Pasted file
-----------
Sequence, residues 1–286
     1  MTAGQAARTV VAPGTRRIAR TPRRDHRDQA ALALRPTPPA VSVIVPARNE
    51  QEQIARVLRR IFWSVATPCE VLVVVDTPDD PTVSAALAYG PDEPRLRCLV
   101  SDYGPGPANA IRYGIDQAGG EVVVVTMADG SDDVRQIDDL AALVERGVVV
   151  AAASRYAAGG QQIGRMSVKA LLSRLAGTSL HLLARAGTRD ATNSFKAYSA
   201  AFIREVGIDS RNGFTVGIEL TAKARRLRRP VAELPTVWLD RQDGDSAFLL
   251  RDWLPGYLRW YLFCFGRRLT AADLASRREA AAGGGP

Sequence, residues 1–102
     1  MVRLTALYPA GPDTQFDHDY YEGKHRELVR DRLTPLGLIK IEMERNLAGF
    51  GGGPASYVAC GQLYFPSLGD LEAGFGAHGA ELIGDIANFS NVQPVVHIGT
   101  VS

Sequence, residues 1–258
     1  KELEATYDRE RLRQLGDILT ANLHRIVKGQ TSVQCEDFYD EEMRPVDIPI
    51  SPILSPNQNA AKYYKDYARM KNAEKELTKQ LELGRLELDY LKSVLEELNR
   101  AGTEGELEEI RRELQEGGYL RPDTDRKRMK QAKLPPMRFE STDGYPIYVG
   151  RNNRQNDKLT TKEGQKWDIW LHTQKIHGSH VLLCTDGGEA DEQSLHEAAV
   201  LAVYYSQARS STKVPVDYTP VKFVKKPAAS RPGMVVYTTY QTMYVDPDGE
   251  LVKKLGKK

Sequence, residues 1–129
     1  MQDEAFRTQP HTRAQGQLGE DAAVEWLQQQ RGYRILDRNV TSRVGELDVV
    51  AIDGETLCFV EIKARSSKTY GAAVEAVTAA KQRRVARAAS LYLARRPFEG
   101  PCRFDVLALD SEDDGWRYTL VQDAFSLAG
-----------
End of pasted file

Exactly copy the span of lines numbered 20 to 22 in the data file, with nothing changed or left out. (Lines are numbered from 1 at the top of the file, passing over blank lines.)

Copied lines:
     1  MQDEAFRTQP HTRAQGQLGE DAAVEWLQQQ RGYRILDRNV TSRVGELDVV
    51  AIDGETLCFV EIKARSSKTY GAAVEAVTAA KQRRVARAAS LYLARRPFEG
   101  PCRFDVLALD SEDDGWRYTL VQDAFSLAG